SSH is a popular protocol used to manage systems remotely, transfer files, etc. SSH provides access to the remote systems in a secure way by encrypting the communication which is transferred over the computer networks. SSH also protects security by making authentication to access remote systems. Authentication can be done in different ways. The most popular way for authentication is using a password which is generally typed during the login. SSH also provides a more secure way for authentication like Public and Private Keys. By using keys there is no need to type a password. The user’s public and private keys will be used to automatically login to the remote system.
Public and Private Key
Before creating the Public and Private keys we should describe what is public and private keys. The public and private keys are generally used to authenticate or sign some data or documents. The public key is available for everyone in order to validate the private key signed data. The private key is only used by the owner of the public and private key user. Only the private key user can sign a data or document and all others having the public key can validate this data or document.
- Public Key is copied to the remote servers to be used by the SSH service. For authentication, some random data is encrypted with the public key where this encrypted data can be only decrypted with the private key. The encrypted data send to the client and if the client can return the same clear text or decrypted data the authentication is completed succesfully.
- Private Key only owned by the user. For the SSH authentication, the remote SSH server sends some public-key encrypted data and this data is decrypted with the private key only.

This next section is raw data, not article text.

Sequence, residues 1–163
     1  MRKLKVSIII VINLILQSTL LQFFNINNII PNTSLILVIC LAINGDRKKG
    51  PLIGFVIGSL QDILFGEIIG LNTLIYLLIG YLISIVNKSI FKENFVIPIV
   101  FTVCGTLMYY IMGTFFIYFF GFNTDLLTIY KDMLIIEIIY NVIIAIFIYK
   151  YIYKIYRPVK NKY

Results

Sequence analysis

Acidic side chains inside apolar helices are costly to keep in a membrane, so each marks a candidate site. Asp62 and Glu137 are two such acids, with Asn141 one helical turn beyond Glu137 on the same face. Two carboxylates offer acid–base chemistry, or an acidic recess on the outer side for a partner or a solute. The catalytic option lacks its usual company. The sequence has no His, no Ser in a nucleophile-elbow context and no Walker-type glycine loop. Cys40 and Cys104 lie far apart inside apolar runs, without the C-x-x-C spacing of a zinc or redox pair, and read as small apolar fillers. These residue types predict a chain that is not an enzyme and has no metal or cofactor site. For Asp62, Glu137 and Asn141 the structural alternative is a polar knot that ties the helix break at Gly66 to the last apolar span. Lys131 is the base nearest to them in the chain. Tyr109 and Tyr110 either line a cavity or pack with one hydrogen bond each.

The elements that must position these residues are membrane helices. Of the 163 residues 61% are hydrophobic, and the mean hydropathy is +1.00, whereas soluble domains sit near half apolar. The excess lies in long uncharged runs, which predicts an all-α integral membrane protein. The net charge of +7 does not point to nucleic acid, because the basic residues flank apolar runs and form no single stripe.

Generate/Create Public and Private Key with ssh-keygen Command
The ssh package in Linux provides the ssh command and related tools like ssh-keygen. The ssh-keygen is used to generate or create SSH keys. It can be also used to manage and convert keys too. By default, the ssh-keygen command generates RSA public and private keys. The generated public and private keys are stored under the current user home directory ~/.ssh/ folder. The public key is named id_rsa.pub for the public key and id_rsa for the private key. The rsa is added to the name as the key algorithm is RSA.
The output will be like below but during the creation of the public and private keys, some questions will be asked.
- Enter file in which to save the key (/home/ismail/.ssh/id_rsa) is asked for the path the keys will be created and stored. By default the current user home directory ~/.ssh/ path with the id_rsa private key name is provided. You can skip this by just pressing enter.
- /home/ismail/.ssh/id_rsa already exists. is printed if there is already existing public and private key with the same name. If you are creating a public key for the first time you will not see this message.
- Overwrite (y/n)? y is asked if we want to overwrite the existing public and private key. Type y and press Enter to overwrite.
- Enter passphrase (empty for no passphrase): and Enter same passphrase again: asked as a password to protect created public and private keys. If you do not provide any password or passphrase they will not encrypt which is a more practical way. So we will not provide any password and just press Enter.
- Your identification has been saved in /home/ismail/.ssh/id_rsa is the newly generated private key with its path and name.
- Your public key has been saved in /home/ismail/.ssh/id_rsa.pub is the newly generated public key with its path and name.
- The key fingerprint is: SHA256:vH8btGCLor2vZy77LJD03T1pjWv12o28oSCmY5GAakU ismail@ubuntu is the key ID which is used to identify key with a unique number which is named as fingerprint.